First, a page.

Two. Splitters are really not a good idea. First, they reduce signal inbound and outbound on both legs. Second, if/when they fail they can connect the two source together and the AIS transponder can damage the VHF receiver front-end. Technical term: bad. A separate AIS antenna is a better solution.
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Old 30-05-2020, 09:32   #9
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Re: AIS transponder AND integrated AIS receiver/VHF radio

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Originally Posted by tkeithlu View Post
If you'd like to avoid the splitter, workable as they seem to be, realize that the AIS antenna only needs a view of the sky, not altitude as in a VHF.

I'm glad you went to the transceiver. There is always the slim chance that that container ship is actually keeping a watch and will at least wake you up before it runs over you.

Has it got its own display? If so, it makes a back-up navigator.
I'm not sure that is correct, it is still line of site, and if your AIS antenna is down low, you will have much less range and be seen at a much lower range than if it is up high, at the top of the mast. There is an interesting article in the July issue of Yachting Monthly that touches on this and it is a way to check if your antenna is working properly. If you are only seeing vessels out to a couple of miles when you know that there areAIS targets at say 10 miles, then you know your antenna is suspect. It's a way of checking your antenna instead of doing a radio check, especially in a busy area where Ch 16 or Coastwatch is busy.
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Old 30-05-2020, 09:51   #10
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Re: AIS transponder AND integrated AIS receiver/VHF radio

Think of it this way. If your AIS transmitter decides to transmit (you said SOTDMA so it has a reserved slot) then no one else will be transmitting at the same time (should even be the case with a traditional class B). So, your AIS receiver isn't missing anything. It is only you transmitting in that time slot.

If you don't use a splitter then your own receiver, on a separate antenna, will receive your transmitted signal. That could mean, as noted above, that you see yourself as a collision risk. It could also result in an overload (probably temporary) of the receiver's input circuits depending on how close the receive antenna is to your transmit antenna.

With a splitter you automatically take the receiver offline when you are transmitting.

I like the redundancy of multiple systems and distinct antennas, but in this case a splitter may actually be a cleaner setup.
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Old 30-05-2020, 09:56   #11
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Re: AIS transponder AND integrated AIS receiver/VHF radio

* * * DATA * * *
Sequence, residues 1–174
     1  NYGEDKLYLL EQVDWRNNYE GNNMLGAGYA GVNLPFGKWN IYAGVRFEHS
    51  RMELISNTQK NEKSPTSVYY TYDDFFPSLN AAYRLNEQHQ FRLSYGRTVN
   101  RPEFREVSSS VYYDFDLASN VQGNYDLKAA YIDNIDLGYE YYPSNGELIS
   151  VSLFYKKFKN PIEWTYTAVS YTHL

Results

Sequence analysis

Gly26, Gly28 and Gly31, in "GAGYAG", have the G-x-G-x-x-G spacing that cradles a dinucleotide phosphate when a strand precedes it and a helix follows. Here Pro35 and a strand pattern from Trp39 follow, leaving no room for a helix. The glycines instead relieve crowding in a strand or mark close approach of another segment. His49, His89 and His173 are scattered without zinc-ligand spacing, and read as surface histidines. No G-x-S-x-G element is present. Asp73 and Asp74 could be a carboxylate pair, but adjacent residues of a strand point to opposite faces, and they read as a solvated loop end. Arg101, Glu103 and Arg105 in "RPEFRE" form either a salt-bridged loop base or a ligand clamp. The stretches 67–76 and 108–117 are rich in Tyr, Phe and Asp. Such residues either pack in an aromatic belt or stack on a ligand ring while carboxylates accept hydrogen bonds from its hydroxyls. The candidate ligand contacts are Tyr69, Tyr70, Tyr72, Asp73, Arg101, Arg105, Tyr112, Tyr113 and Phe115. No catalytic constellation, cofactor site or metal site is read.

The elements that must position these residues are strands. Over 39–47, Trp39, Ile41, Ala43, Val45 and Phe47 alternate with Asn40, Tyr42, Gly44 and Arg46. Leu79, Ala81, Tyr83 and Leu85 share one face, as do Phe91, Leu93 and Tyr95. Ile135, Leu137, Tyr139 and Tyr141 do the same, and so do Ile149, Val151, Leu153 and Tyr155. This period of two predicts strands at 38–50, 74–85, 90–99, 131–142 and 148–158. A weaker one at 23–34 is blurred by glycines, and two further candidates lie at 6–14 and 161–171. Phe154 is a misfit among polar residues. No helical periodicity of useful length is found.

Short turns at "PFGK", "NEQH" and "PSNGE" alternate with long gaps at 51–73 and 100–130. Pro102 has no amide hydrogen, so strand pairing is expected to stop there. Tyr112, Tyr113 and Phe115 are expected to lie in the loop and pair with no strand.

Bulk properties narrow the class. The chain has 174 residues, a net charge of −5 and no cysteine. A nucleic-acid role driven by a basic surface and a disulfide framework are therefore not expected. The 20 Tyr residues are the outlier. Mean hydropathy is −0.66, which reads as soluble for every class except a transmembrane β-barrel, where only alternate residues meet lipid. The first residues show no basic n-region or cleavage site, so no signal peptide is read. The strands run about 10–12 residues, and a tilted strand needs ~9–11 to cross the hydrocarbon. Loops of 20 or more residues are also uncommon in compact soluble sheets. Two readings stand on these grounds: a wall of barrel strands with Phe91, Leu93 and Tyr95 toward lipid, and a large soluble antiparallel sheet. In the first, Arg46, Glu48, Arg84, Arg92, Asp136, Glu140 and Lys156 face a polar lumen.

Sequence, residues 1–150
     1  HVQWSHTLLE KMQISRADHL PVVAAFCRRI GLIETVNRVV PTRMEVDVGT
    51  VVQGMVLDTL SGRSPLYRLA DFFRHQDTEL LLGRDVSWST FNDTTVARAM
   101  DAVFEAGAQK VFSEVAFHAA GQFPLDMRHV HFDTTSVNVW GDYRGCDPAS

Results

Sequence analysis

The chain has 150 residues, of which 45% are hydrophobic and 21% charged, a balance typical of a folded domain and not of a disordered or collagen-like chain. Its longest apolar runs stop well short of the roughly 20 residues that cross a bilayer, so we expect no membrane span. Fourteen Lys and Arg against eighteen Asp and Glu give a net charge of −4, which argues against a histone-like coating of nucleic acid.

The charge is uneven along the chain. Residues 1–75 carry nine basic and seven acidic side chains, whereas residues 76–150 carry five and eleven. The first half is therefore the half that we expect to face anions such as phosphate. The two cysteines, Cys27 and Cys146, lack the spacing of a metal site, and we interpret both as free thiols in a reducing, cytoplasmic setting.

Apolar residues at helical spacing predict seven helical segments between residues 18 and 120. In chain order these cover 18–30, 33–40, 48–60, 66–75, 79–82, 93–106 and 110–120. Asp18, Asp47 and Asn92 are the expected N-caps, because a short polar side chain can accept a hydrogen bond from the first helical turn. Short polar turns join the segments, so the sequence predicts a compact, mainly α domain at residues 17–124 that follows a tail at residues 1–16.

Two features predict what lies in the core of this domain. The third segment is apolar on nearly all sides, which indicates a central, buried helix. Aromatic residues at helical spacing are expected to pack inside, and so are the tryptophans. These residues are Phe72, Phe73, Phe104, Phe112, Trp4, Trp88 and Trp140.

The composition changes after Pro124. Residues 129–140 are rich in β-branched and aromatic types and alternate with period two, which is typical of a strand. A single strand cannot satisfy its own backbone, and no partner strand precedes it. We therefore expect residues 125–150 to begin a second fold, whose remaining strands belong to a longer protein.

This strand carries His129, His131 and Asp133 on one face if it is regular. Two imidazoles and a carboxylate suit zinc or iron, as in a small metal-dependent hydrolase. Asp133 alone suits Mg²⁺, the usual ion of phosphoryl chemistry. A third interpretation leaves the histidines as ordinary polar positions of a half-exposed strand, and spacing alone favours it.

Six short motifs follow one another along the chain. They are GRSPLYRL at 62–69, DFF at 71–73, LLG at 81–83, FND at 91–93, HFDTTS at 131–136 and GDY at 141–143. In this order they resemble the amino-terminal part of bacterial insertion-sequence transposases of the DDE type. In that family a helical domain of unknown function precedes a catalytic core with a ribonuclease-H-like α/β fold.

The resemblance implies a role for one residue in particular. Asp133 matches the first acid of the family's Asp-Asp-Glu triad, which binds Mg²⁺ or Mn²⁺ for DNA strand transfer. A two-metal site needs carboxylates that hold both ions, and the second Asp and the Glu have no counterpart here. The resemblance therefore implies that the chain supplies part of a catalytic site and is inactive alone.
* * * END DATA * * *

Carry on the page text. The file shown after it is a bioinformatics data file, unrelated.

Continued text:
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Originally Posted by Marathon1150 View Post
We have been using a Vesper XB-8000 transponder with Vesper splitter for about 5 years coastal cruising and a bluewater crossing from Mexico to French Polynesia. It seems to work well - we detected tankers etc when they were a long way off and contacted those that were going to get close to us. By the time we contacted them (usually about 20nm distant) they were already aware of us and without exception, volunteered to change their course after I offered to change ours.

my experience as well, pick up tankers at least 20 nm away, no interference with

VHF
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Old 30-05-2020, 10:45   #12
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Re: AIS transponder AND integrated AIS receiver/VHF radio

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I'm not sure that is correct, it is still line of site, and if your AIS antenna is down low, you will have much less range and be seen at a much lower range than if it is up high, at the top of the mast. There is an interesting article in the July issue of Yachting Monthly that touches on this and it is a way to check if your antenna is working properly. If you are only seeing vessels out to a couple of miles when you know that there areAIS targets at say 10 miles, then you know your antenna is suspect. It's a way of checking your antenna instead of doing a radio check, especially in a busy area where Ch 16 or Coastwatch is busy.

You are correct, the AIS antenna height does matter, though not quite as important as the VHF antenna in general. If you don't use a splitter but want to use two separate antennas, then be sure to place them at a different heights as far away as possible.

The method above checks your AIS receiver. To check your AIS transmit, on the internet you can find AIS trackers (Google "ship tracker") that can be used to check if your AIS is signal is getting out. If you are near any port, your signal will be picked up on a land based receiver connected to the internet.
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Old 30-05-2020, 10:56   #13
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Re: AIS transponder AND integrated AIS receiver/VHF radio